Any Way You Slice It

For my birthday in May, Dr Moss booked me onto a bread making course at the Harborne Food School. The Food School opened a year or so ago right next to our favourite coffee shop, and the course list offers a wide variety of classes for all ability levels and areas of interest. And so it was inevitable that we would eventually start taking classes there. Despite baking quite a bit (at least before The Apprentice was born – there hasn’t been a huge amount of free time since) I’ve never made bread by hand. Given family history (more of which further down in this blog post) this is an omission I’ve long wanted to address, but haven’t really had the opportunity. The bread making class took place in July, and was a wonderful (and educational) evening in which the processes and mechanics of making high quality bread by hand were laid bare in an accessible and very enjoyable format. Which is all very well and good you say, but what exactly does this have to do with woodwork? At first blush not a great deal, but this class set some ideas in motion which have been slowly coalescing and bouncing round my mind ever since. 


But first, the class itself. Over the course of three hours we were instructed in how to make white and wholemeal loaves entirely by hand. Two batches of white dough were turned into a plaited loaf and batch rolls, while the wholemeal was baked into a loaf for slicing. As a final task we made pizza dough for cooking an in-class dinner, chatting about cooking and the best kept secrets of Birmingham’s restaurant scene while eating pizza we’d made ourselves and waiting for our bread to cool from the oven. The camaraderie and shared passion for food created a wonderful atmosphere, and instructor Charlotte gave very clear instructions and explations for the techniques and methods demonstrated. When it comes to traditional crafts there really is no substitute for hands on learning, and this was the perfect introduction to something I’ve wanted to try my hand at for as long as I can remember. I’m now on the waiting list for Advanced Breadmaking (focaccia and ciabatta ahoy!), and one of the very first things I did after the course was to book the Good Doctor onto a sushi making class for later this month. I fully expect that we’ll both be taking many more classes at the Harborne Food School over the coming years.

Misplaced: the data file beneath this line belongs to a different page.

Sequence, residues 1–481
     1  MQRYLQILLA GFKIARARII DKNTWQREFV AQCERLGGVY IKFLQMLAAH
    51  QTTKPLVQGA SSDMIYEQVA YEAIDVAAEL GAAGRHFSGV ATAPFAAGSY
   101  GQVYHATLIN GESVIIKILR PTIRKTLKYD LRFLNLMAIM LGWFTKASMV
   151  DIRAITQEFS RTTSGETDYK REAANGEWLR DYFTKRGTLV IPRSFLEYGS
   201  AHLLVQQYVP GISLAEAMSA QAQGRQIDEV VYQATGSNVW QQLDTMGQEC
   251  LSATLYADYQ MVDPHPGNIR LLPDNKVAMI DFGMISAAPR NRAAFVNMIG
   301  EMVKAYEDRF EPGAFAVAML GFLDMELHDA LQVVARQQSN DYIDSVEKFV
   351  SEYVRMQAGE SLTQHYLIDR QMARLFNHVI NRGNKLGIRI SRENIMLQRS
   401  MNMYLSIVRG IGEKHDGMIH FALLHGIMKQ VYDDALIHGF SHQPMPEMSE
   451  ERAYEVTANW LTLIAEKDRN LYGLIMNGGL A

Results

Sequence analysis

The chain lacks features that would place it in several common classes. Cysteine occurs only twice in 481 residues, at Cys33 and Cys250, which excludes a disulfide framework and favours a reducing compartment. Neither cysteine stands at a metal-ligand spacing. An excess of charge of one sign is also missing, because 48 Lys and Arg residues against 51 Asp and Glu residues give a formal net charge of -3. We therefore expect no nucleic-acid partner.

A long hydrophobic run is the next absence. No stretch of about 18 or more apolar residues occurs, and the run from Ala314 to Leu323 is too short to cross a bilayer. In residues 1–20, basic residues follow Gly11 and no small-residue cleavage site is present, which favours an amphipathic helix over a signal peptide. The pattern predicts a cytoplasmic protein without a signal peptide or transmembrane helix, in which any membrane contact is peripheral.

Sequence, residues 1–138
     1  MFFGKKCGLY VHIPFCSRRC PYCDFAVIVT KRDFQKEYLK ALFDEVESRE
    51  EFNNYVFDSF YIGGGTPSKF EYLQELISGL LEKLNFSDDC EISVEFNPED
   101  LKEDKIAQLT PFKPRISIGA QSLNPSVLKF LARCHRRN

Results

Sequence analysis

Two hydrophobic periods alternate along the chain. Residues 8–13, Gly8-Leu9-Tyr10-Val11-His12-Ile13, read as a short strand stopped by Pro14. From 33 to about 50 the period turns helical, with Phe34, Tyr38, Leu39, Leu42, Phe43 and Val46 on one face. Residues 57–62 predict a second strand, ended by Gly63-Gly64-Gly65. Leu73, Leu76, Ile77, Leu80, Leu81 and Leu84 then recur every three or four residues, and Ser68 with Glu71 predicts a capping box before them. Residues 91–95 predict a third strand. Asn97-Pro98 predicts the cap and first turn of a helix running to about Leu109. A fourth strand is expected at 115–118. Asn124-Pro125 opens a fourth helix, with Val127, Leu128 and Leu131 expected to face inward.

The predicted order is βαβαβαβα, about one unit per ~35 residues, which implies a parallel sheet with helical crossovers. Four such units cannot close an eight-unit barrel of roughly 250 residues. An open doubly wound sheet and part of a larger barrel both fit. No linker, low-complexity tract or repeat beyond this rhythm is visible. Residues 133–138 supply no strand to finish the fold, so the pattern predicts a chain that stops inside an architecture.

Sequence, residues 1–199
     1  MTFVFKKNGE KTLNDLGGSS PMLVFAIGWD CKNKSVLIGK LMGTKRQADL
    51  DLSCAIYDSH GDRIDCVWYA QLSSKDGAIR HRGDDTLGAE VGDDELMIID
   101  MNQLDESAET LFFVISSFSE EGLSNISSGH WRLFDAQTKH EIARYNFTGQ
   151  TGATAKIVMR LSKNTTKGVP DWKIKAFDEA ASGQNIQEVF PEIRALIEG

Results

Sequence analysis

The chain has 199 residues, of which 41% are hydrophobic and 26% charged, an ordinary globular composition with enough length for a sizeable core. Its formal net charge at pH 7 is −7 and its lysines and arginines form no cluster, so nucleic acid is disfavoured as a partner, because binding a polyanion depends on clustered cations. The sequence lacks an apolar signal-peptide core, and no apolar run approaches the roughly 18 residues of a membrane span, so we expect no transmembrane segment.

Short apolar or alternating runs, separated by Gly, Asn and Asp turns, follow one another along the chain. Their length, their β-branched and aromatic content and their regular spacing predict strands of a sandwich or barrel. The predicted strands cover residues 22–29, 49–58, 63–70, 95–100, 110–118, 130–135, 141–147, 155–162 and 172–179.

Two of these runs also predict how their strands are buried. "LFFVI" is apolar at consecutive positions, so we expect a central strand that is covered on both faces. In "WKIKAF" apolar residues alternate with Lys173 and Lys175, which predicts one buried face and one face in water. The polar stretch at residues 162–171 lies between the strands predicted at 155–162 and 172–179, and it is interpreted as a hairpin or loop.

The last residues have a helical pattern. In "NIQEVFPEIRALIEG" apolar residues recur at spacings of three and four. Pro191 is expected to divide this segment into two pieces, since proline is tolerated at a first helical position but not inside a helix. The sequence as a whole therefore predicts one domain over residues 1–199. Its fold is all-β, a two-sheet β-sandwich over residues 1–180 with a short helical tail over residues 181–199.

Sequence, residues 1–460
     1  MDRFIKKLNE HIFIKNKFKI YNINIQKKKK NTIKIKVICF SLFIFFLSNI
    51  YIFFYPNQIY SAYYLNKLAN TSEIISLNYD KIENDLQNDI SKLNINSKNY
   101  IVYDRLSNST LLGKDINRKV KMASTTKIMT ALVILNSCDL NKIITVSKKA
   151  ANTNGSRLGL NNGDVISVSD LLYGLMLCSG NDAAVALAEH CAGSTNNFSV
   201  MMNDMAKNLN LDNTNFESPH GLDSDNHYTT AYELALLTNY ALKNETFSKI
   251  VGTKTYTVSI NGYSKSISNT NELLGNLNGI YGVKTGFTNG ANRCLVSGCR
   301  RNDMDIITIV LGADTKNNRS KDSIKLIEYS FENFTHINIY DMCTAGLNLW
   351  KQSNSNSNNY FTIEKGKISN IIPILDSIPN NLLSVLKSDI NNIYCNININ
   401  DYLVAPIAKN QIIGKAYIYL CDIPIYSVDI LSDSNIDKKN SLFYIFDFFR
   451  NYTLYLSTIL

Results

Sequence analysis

At some point during the class, as kneading the dough created a hypnotic rhythm, I started to reflect on the similar threads that link breadmaking to woodwork. It is, unsurprisingly, all about heritage. Heritage in terms of both skills and family history. 

Maple, not dough. But the  process of taking a gossamer full-width saving is surprisingly similar to that for kneading delicious bread.

Kneading that dough by hand, shaping it, and then baking until properly cooked, reminded me a lot of the time I spend at my workbench. The proximity you gain to your material by working by hand, without machines acting as intermediaries, gives rise to an understanding of how the material is being worked, and when it is ready. Touch and feel tell you as much (sometimes more) than your eyes, and the process becomes one of thinking with your fingers as well as your mind. The more time I spend at my workbench the more I think that this state is where I am most truly content – working with a combination of both hand and mind to arrive at something useful that I have fashioned myself out of basic raw materials. There is also a sense of self-reliance common to both woodwork and cooking. Sure, you can buy bread readily and cheaply. But the act of choosing to make it yourself out of good quality ingredients (free from the multitude of artificial elements found in commercial bread) speaks, I believe, to the same sense of aesthetic anarchism that motivates many of us to build the furniture we need. A small act of refusing to be someone else’s consumer, and to make the things we need. Maybe I’m over-playing this a little, but I still get the delicious bread at the end of it, so either way I win something.